British Village Residents Protest Plan for Shale Gas Drilling by Stanley Reed, May 24, 2013, The New York Times
BALCOMBE, England — Despite the stakes, there was almost a festival spirit in this wealthy little village nestled in the hills of West Sussex. Children buzzed around an open-sided tent by the street and families spread blankets on the tiny village green. What brought them together on Thursday evening, though, was not a spring fair but deep worry. Cuadrilla Resources, a British energy company, is on the verge of drilling an exploratory shale gas well just down the road. Villagers see it as a possible precursor to the environmentally controversial drilling technique known as hydraulic fracturing, or fracking.
“Don’t frack my future,” read the children’s T-shirts as the youths munched on chocolate cupcakes. The villagers “are going through the grief process; they have just been told they have cancer,” said Alison Stevenson, chairwoman of the Balcombe Parish Council, a local government body. A recent survey conducted by the parish council found that more than 80 percent of the 284 respondents wanted the council to oppose fracking. The protest was in keeping with the steady resistance that oil and gas companies, and the governments that approve their exploration, are facing as they try to tap natural gas from underground shale deposits and extract other fossil fuels in populated areas. … Balcombe, with about 1,800 residents, is no hotbed of radicalism. It is in the Conservative Party’s heartland, about a half-hour’s train ride south of London. It is represented in Parliament by Francis Maude, a cabinet minister. … “This is naturally a very conservative, wealthy village,” said Lawrence Dunne, a physics professor who lives here. “But we feel the government is completely ignoring us.”
On this evening, Cuadrilla, the company that is spearheading shale gas development in Britain, was trying to listen. In a former church known as Bramble Hall, the company held a “drop-in session” for local residents. Several Cuadrilla executives accompanied by an entourage of public relations aides talked to small groups of residents, who were joined by environmental activists from London and the surrounding area. Francis Egan, Cuadrilla’s chief executive, called the gathering, which attracted more than 200 people and lasted more than four hours, “really, really valuable.” The encounter gave people “an opportunity to hear from us what we are doing” rather than what they “read on the Internet,” he said. He and other European business leaders who advocate shale gas development are envious of the head start achieved by their American counterparts. But they know that on this side of the Atlantic, fears of pollution run so deep in the grass roots that local and national politicians are hesitant to endorse drilling.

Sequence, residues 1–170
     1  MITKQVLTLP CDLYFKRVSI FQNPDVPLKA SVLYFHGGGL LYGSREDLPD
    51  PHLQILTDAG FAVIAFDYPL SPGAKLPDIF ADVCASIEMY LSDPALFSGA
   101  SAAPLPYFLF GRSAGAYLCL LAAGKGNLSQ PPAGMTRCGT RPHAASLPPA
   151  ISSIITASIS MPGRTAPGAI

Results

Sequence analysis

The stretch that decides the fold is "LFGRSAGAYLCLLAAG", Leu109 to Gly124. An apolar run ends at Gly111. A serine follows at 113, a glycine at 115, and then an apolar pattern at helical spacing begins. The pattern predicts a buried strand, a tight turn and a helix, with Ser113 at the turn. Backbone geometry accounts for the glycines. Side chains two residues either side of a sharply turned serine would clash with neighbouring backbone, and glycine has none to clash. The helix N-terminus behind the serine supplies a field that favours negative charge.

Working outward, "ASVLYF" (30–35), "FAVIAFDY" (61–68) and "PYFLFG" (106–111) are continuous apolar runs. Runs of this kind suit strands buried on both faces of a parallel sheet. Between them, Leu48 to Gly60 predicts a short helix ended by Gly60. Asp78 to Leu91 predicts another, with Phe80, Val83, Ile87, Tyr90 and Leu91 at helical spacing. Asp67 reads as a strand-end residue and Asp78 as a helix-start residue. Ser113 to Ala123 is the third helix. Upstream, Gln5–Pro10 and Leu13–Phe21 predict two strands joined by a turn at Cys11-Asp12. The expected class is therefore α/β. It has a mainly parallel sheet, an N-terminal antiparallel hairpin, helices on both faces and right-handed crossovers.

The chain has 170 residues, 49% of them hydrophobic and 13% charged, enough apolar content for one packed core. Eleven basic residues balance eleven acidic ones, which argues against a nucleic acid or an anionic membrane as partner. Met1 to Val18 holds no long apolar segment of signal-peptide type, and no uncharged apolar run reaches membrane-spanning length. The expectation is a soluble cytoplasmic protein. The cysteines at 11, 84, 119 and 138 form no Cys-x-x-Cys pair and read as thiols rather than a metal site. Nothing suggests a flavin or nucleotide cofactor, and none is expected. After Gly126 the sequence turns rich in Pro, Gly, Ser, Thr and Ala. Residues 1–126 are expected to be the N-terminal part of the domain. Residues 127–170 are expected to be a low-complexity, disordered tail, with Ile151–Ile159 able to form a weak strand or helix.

Eric Vaughan, Cuadrilla’s director of wells services, found himself peppered with questions about regulation by Katy Dunn and Emma Cooke, two young women who were dressed in black outfits and knitted yellow socks, who called themselves “the knitting nannas against gas.” Worries cited by residents included fears that drilling activity would increase road traffic and harm the environment. They also suspect that the production of oil and gas, lucrative though it might be to Cuadrilla, would offer few benefits to Balcombe. “I am concerned about the environmental impact on the air and our water supply,” said Louisa Delpy, who lives nearly a mile from the site. “I have two small children.” Ms. Delpy held a long private conversation with Mr. Egan to go over a list of concerns. But their talk left her “with more questions,” she said. “This was just the start.”
Cuadrilla wants to try again with modern methods including horizontal drilling and the use of hydrochloric acid to stimulate the well. Cuadrilla executives said they did not plan, at least initially, to “frack” this test well. But Mr. Egan, who became Cuadrilla’s chief last year after the company had selected the Balcombe site, said that it might later decide to frack the well “if we decided it would make a difference to the flow rate.” … But not in Balcombe. “We will fight it,” Mr. Dunne, the physics professor, said. “We will carry on by any peaceful and legal means.” [Emphasis added] A version of this article appeared in print on May 25, 2013, on page B3 of the New York edition with the headline: British Village Residents Protest Plan for Shale Gas Drilling.
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Frack Free Sussex May 24, 2013
At Cuadrilla’s cosy, condescending plactate-the-community-and-hope-they-don’t-notice-the-discrepancies-contradictions-and-blatant-lies drop-in session in Balcombe yesterday, one of the PR stooges said: “I know that everything I say sounds like utter f***ing bulls*it.”
Source: Frack Free Sussex
“Nobody came to me and said, ‘here’s the choice: light? .. or water?’ “
“When there’re hurricanes, floods, locusts, hail .. the governments help people. When you are frac’d – there’s no aftercare.”